That’s when the sci-fi television series “Star Trek,” shaped public perception about space exploration in the far future.
The show followed the crew of the U.S.S. Enterprise on its five-year mission to explore new worlds on behalf of the beneficent Federation.
Although the Federation faced challenges from space superpower rivals like the Klingons–paralleling Cold War themes–the Enterprise’s missions were largely humanitarian and altruistic. Humans were literally masters of the universe.
But space quickly became cold and hostile, starting with films like 1968’s Stanley Kubrick classic “2001: A Space Odyssey.” It examined the inexorable advance of technology and how our over-reliance on it could go horribly wrong.
After that, movies like 1972’s “Silent Running,” used space as a backdrop to examine the earthbound consequences of global warming, environmental disaster and war. Those themes re-appear in more recent movies like 2009’s “Avatar” and this year’s Tom Cruise picture “Oblivion.”
Sure there have been exceptions like 1977’s “Close Encounters of the Third Kind,” but on the whole space has been a convenient source for all things evil and insidious that befall the human race. Think the “Alien” series and Ridley Scott’s latest movie “Prometheus.”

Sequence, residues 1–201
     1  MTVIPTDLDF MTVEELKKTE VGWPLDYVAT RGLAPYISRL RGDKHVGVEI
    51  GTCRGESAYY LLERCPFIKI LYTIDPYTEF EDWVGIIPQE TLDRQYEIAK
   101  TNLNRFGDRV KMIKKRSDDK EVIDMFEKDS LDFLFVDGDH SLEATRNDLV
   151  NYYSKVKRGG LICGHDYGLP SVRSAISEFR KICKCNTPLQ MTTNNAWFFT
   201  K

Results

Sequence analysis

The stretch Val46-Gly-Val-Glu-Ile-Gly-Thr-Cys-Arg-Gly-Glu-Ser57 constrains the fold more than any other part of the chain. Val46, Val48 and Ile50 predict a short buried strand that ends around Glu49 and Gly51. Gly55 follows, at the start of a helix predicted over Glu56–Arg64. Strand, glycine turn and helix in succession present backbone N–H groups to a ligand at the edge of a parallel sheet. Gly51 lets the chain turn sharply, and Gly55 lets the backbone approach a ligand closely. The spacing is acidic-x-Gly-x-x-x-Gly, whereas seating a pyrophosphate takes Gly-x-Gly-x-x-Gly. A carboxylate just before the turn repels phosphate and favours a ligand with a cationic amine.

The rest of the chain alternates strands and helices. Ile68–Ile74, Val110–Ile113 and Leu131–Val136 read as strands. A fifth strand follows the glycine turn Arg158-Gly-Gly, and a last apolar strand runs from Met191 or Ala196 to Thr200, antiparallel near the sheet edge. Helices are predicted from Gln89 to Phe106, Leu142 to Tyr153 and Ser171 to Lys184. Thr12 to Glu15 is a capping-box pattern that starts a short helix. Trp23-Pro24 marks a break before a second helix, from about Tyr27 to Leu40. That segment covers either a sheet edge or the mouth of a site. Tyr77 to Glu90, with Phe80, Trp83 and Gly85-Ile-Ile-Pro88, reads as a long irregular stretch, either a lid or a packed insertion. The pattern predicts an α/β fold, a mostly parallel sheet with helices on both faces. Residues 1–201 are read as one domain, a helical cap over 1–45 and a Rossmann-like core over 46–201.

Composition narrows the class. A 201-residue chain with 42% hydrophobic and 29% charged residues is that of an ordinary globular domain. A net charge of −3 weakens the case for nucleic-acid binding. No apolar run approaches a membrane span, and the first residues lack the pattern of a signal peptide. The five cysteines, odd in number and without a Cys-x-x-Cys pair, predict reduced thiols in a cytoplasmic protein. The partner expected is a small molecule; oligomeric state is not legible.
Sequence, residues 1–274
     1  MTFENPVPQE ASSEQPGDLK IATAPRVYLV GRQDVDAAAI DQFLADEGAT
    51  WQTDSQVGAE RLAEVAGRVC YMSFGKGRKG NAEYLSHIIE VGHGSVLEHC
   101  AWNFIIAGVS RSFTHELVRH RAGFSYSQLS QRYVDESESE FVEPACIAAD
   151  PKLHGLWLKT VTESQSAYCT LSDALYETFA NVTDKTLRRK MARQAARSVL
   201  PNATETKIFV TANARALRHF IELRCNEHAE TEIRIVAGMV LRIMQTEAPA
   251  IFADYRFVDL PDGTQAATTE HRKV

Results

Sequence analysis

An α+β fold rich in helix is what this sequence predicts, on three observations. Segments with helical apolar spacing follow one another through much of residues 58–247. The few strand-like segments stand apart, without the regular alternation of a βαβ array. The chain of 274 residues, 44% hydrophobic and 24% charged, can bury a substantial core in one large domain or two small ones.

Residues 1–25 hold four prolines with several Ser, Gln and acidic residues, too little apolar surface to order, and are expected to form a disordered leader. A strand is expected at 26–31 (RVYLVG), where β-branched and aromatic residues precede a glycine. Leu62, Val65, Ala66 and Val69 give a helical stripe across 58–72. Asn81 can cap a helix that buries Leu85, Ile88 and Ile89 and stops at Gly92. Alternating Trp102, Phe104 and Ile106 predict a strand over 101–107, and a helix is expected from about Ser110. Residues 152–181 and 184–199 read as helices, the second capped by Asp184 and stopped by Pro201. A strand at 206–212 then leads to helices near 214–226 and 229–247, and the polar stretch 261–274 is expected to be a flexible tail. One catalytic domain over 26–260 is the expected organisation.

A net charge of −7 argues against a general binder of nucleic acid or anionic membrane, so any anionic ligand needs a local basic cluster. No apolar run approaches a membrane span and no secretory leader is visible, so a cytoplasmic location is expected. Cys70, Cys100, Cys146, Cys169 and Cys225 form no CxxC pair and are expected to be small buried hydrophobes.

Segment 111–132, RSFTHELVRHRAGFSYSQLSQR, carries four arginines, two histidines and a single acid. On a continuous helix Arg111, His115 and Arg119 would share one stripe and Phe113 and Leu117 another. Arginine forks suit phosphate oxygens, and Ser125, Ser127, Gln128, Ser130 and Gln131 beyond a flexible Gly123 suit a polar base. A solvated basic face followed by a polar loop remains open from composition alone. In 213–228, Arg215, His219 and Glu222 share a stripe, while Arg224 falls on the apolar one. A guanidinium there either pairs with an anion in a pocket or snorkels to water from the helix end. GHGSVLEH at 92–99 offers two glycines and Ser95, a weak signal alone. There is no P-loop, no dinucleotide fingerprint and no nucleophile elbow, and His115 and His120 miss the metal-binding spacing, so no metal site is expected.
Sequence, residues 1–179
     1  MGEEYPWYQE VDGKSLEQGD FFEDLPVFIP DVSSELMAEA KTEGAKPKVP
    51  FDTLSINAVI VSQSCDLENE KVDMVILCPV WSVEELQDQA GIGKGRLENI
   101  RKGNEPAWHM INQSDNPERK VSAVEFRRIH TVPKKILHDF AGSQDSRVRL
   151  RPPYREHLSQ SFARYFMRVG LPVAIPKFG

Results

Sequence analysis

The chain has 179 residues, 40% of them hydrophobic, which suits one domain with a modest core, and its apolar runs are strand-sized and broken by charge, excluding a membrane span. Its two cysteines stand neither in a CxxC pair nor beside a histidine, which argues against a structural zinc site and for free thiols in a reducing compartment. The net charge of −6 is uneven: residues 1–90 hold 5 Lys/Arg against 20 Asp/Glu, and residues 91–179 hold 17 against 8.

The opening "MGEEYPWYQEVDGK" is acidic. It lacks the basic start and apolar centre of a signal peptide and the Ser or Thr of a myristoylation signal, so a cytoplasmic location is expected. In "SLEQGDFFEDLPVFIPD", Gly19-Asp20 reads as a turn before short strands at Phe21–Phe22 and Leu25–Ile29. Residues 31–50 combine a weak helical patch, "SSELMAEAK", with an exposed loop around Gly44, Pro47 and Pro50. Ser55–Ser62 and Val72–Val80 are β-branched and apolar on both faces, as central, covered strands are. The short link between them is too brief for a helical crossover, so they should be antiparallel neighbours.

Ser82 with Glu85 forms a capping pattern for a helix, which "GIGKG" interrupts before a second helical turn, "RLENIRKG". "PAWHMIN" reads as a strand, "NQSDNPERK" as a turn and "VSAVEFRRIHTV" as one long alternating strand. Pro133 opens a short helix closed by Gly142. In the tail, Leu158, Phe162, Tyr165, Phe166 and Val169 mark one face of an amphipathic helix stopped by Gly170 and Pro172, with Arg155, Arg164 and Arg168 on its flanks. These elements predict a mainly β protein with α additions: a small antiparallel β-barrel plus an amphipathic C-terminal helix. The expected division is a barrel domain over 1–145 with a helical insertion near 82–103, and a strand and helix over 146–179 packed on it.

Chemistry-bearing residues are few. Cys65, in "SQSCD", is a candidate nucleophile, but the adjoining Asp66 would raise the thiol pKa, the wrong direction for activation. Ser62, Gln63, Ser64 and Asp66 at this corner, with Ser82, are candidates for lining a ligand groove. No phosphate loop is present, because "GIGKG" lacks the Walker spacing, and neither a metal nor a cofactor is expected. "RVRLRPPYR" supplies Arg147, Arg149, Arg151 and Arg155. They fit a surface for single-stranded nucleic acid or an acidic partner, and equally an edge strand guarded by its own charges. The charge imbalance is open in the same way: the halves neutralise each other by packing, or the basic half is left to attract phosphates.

But Nolan’s trailer features warm and fuzzy images from the height of the U.S. space program–Alan Shepard, Neil Armstrong, the moon landing and space shuttle–to recall what space exploration once meant to the nation.
“We count these moments… when we dared to aim higher, to break barriers — to reach for the stars,” says Matthew McConaughey in a haunting voice-over. “To make the unknown known.”
There are other iconic images, what we would call memes today–Chuck Yeager breaking the sound barrier; Apollo 11 astronauts boarding their rocket to the moon and Armstrong’s historic “one giant leap” statement as he set foot on the moon.
“Perhaps we’ve just forgotten that we are still pioneers,” McConaughey says, “that we’ve barely begun and that our greatest accomplishments cannot be behind us, that our destiny lies above us.”
The plot focuses on a group of explorers, who use a newly discovered wormhole to travel the vast distances of space on a mission to save the earth from economic, environmental and social collapse, according to an official synopsis.
McConaughey stars with an all-star cast that includes Anne Hathaway, Jessica Chastain, Bill Irwin, Ellen Burstyn, Michael Caine, John Lithgow and Matt Damon.
The film will be released by Paramount and Warner Brothers in November 2014. Nolan, best known for the Batman triology, may be strapping us in for a different kind of trip.
Check out the trailer below and be sure to follow TheImproper on Twitter for the latest movie news, analysis and insights.